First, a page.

Theatre

Swan Lake @ Coliseum, London



performed by
Anette Delgado, Elier Bourzac, Felix Rodriguez, Elizabeth Sosa, Analucia Prado, Ivis Diaz, Camilo Ramos, Osiel Gounod, Yadil Suarez, Yonah Acosta, Gretel Morejon, Lissi Baez, Alfredo Ibanez, Ariadna Suarez, Masiel Alonso, Yanela Pinera, Amaya Rodriguez, Maureen Gil, Mercedes Piedra, Amanda Fuentes, Leandro Perez, Jesse Dominguez, Odoray Prats, Ivette Gonzalez, Yanier Gomez, Alejandro Virelles, Dani Hernandez, Victoria Prada, Carolina Garcia, Marize Fumero, Jorge Villazon, Jaciel GomezCuban panache pervades every aspect of Ballet Nacional de Cuba’s production of Swan Lake, from the choreography and colourful costumes, through to the spirit of the dancers.

This production was choreographed in 1948 by Alicia Alonso, the peerless Cuban dancer and founder of the BNC. Working from Marius Petipa and Lev Ivanovs 1895 blueprint for the ballet, she developed her own version which, amongst other things, foreshortens the final act by making it an epilogue to the preceding drama.

Although Alonsos choreography inevitably shapes the dancing, it was in itself a response to a particular Cuban approach to movement. As a generally young cast attack the steps today, this unique style seems as much in evidence now as it was then.
Not that their enthusiasm is always a positive thing. The festivities of Act One are presented with a generally appropriate exuberance, but on occasions it leads dancers to overstretch their limbs as they move. Paradoxically, it is often joyful dancing that most demands a clean and precise approach, and so when the movements exceed the correct parameters it mars the overall effect.

But equally surprising is the fact that the more lyrical dancing required of the corps de ballet in Act Two is able to withstand greater dissent. At times, not all of the ballerinas arms and hands are tilted at exactly the same angle, but the trade-off between this and each performer possessing their own individual presence and flare is a good one.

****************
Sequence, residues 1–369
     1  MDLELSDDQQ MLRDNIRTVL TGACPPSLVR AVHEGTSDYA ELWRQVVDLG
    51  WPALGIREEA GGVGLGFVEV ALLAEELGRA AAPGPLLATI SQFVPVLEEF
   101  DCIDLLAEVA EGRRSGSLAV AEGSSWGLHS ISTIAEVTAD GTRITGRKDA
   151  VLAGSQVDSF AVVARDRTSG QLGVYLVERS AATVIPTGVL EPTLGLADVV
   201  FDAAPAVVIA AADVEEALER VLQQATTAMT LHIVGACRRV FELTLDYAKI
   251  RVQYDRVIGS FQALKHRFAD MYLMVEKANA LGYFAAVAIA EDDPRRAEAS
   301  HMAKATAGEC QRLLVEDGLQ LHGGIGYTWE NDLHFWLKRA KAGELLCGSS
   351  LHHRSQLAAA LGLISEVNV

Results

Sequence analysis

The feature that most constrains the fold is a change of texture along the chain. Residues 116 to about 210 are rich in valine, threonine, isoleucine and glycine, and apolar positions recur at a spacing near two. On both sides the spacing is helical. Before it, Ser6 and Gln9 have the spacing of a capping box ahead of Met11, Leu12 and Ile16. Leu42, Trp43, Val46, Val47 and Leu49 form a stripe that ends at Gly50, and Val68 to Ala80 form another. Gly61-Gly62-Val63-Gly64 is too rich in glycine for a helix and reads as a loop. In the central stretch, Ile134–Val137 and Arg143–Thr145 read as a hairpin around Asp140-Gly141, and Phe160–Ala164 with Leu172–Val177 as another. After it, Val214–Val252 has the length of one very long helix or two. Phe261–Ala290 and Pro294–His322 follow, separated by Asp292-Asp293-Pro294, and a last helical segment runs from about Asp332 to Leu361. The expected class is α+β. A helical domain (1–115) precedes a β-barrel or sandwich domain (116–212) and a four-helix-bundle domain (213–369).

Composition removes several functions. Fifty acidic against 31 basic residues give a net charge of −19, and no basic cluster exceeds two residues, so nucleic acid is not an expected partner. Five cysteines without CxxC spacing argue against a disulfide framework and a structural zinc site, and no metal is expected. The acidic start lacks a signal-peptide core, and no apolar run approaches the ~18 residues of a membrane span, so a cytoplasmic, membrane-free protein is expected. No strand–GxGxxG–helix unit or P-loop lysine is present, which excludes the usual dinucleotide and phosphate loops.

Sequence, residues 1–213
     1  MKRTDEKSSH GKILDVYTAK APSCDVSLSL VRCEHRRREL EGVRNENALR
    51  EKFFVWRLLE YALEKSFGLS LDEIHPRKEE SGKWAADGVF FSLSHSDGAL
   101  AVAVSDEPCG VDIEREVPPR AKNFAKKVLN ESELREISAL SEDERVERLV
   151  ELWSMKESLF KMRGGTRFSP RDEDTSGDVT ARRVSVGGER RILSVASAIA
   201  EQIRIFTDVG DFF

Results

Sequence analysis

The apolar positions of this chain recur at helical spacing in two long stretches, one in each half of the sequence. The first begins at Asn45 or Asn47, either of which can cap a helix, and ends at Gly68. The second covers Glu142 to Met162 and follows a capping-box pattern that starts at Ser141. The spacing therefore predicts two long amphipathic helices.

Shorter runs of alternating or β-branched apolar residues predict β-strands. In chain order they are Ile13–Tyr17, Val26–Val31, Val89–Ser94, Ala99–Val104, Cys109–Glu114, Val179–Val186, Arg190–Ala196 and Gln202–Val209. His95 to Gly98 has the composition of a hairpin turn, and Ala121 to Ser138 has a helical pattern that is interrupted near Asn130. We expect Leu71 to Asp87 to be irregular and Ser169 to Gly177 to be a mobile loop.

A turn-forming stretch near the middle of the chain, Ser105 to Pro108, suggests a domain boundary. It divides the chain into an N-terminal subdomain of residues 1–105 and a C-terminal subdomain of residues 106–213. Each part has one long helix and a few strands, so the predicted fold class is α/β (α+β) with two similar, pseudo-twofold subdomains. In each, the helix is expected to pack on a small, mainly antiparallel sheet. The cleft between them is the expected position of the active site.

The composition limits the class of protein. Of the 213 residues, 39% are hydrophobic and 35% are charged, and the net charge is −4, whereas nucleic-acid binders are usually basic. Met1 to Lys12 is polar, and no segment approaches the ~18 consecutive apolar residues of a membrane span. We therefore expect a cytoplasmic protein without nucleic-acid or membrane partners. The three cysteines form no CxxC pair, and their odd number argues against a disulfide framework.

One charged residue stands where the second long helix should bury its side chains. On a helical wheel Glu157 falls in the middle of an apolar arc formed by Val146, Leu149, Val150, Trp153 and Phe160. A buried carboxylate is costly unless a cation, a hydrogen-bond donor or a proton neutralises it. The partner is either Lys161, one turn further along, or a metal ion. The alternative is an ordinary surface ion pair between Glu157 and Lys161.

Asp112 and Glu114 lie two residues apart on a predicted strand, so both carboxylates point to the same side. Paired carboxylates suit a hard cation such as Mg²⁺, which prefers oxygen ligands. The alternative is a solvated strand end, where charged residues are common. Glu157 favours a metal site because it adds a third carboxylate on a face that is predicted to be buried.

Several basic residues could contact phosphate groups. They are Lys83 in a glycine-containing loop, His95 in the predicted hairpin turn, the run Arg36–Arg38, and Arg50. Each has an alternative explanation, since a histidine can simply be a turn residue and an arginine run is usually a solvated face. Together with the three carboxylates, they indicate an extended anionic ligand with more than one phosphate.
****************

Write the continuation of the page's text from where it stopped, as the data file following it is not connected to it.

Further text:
Elier Bourzac is a charming Prince Siegfried. If in Act Two his expression of permanent wonder makes him appear excessively passive in the proceedings, his movements are always silky smooth and his leaps grow breathtakingly larger as the evening continues and he gains in confidence.

More intriguing still is the performance of Anette Delgado as both the swan-princess Odette and the evil Odile. She appears quite stocky for an Odette, but she puts her physique to good use, her bold limb movements generating their own brand of elegance as they cut through space.

She still seems more suited to playing the flashy Odette, and you are unlikely ever to see an Act Three pas de deux quite like this one. As she dances with Siegfried, she is unbelievably sensuous, her long limbs appearing to stretch from here to eternity. When she consults Rothbart on how to proceed she stretches one leg vertically upwards, whilst the only problem with her 32 fouetts is that there is never any sense of danger that she might make the slightest of errors.

More generally, Act Three is the moment when everything comes right, and the Spanish dance is particularly finely executed. Less grand than Petipas version, it involves just two dancers who employ some amazingly lyrical actions as they move uninhibited across the stage.

Elsewhere, there are some lovely touches. When Prince Siegfried first appears, the crowd fall to their feet bowing their garlands of flowers in his honour. Similarly, when Act One initially gives way to Act Two the crowd are not dismissed, but simply change their style of movement to suit the new melancholic mood. This Swan Lake may not be flawless, but many surprises are contained within it, and infinitely more of them are pleasant than otherwise.

Casts may vary over the run. Carlos Acosta plays Prince Siegfried on 30 March and 1 April. The Ballet Nacional de Cubas Magia de la Danza will be performed, 6-11 April.

Read the musicOM review of Ballet Nacional de Cuba’s Magia de la Danza



No related posts found...